The First Wave of Physicians: Building a World-Class Hospital Staff

“If the hospital was to be supported by Mr. Ford and bear his name, it ought to be run differently than any other hospital.… The other hospitals to my mind were operated largely as a boarding house for the doctors’ patients. While they had members of their own staff, they were men who didn’t contribute actively toward the policy of the institution. It seemed the most prominent outside doctors were the ones who had the most to say in running the institution. That contributed largely to internal politics and things of that sort.

“I didn’t feel we ought to have that in any institution Mr. Ford had anything to do with.”

  • Ernest Liebold, from the Benson Ford Research Center at The Henry Ford in Dearborn, and quoted in the book, “Henry Ford Health System: A 100 Year Legacy”

When Henry Ford took control of the stalled Detroit General Hospital project in 1914, his name was synonymous with innovation: mass production, the moving assembly line and the $5 work day at Ford Motor Company.

The first Henry Ford Hospital staff. From left, first row (both shoes visible): Dr. Charles H. Watt, Dr. Frank J. Sladen, Dr. Roy D. McClure, Ernest G. Liebold, John N.E. Brown, and Dr. F. Janney Smith. Back row: Dr. John K. Ormond, unknown, Dr. Russell Haden, Dr. David R. Murchison, and Dr. Irvin L. Barclay. c. 1916 (Detail from the Conrad R. Lam Collection, Henry Ford Health System. ID=01.011.)

The first Henry Ford Hospital staff. From left, first row (both shoes visible): Dr. Charles H. Watt, Dr. Frank J. Sladen, Dr. Roy D. McClure, Ernest G. Liebold, John N.E. Brown, and Dr. F. Janney Smith. Back row: Dr. John K. Ormond, unknown, Dr. Russell Haden, Dr. David R. Murchison, and Dr. Irvin L. Barclay. c. 1916 (Detail from the Conrad R. Lam Collection, Henry Ford Health System. ID=01.011.)

It’s no surprise that a hospital bearing his name would be rooted in new ideas, making it different from other hospitals of the time, even if some those innovative ideas – including a closed medical group and standardized patient fees – were initially met with sharp criticism in the medical community.

As would be expected, Mr. Ford strongly influenced the concept for the staff of Henry Ford Hospital, but he had no significant knowledge as where to find the physicians that were essential to fulfill his ideas.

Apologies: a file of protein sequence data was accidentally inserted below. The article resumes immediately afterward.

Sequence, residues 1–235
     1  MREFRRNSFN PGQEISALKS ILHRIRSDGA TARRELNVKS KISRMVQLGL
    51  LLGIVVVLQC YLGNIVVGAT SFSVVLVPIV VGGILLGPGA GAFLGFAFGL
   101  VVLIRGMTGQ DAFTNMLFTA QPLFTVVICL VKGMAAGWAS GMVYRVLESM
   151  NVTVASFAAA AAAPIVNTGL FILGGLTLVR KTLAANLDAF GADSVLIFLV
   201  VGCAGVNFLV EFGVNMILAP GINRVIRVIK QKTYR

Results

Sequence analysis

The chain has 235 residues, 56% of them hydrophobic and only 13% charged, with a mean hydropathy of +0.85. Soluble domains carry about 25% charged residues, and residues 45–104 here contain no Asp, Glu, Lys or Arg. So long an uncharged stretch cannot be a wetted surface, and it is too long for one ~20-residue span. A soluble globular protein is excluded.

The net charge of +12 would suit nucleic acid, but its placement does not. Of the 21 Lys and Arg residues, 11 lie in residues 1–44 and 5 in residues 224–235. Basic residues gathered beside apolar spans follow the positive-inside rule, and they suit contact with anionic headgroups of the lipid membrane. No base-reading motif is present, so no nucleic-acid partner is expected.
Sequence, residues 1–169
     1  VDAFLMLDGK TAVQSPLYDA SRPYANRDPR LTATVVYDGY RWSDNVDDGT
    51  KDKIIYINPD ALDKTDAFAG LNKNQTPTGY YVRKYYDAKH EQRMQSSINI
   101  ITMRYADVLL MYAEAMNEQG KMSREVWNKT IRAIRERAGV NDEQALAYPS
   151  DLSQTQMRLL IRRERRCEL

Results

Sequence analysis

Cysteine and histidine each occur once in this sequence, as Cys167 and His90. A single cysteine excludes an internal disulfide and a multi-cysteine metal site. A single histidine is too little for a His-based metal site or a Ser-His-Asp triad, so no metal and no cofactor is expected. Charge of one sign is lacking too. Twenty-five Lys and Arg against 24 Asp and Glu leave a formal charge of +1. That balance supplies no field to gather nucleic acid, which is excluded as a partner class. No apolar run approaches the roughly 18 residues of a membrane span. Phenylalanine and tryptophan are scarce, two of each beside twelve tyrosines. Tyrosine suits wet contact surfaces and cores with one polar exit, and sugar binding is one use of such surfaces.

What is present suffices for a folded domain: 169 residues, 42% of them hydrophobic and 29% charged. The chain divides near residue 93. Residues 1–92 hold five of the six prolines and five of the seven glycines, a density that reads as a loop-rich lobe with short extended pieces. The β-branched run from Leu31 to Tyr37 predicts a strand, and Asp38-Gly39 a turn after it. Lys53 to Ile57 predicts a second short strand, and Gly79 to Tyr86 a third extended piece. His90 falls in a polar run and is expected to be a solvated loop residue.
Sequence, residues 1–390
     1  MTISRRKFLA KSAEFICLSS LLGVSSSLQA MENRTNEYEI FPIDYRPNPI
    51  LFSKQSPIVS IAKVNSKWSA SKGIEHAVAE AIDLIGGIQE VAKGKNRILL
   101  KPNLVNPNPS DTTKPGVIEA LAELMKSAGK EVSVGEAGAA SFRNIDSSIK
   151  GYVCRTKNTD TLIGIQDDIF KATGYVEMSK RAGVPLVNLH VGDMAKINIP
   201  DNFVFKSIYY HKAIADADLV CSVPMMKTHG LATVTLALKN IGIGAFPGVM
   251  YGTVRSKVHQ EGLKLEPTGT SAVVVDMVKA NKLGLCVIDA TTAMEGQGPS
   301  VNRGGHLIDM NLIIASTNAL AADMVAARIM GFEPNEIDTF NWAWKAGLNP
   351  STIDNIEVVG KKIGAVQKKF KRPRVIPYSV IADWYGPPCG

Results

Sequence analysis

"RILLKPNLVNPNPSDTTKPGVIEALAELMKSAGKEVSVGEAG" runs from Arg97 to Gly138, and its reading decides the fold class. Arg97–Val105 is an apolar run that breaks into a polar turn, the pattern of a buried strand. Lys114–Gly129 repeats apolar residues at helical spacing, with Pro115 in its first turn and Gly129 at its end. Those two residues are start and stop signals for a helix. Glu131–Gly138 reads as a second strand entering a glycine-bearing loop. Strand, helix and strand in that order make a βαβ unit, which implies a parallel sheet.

That is where the influence of Johns Hopkins was so vital in the formative years of the hospital and had direct impact on the subsequent mission of the organization.

One must remember that in the late 1800s and early 1900s, many medical schools were apprenticeships with minimal formal curriculum and training. These medical schools were often privately owned by a few physicians and were merely two-year trade schools.

This was a time of “quacks” and “quackery,” which greatly affected the respect of the profession and the benefit that medicine could uniformly provide to the population.

The hallmark report on medical education, commissioned by the Carnegie and written by Dr. Abraham Flexner, was published in 1910. It called for a single method of medical education, scientifically based and several schools were noted as exceptions, including Michigan, Toronto, Case Western, Wake Forest, and most notably Johns Hopkins.

It was natural for Ford to look to Johns Hopkins for the best physicians to staff Henry Ford Hospital, especially after the hiring of Dr. Frank Sladen as the first physician in charge of the hospital.

This heritage also served to create the academic mission of Henry Ford Hospital, both in the area of education and research.

The First Hospital Staff

By 1914 Henry Ford had selected four medical staff administrators: Dr. John N.E. Brown, who served as superintendent; Harper Hospital’s Dr. Angus McLean, who covered surgery assisted by Dr. James Mead, chief surgeon of the Ford Motor Company, and Physician-In-Chief Dr. Sladen.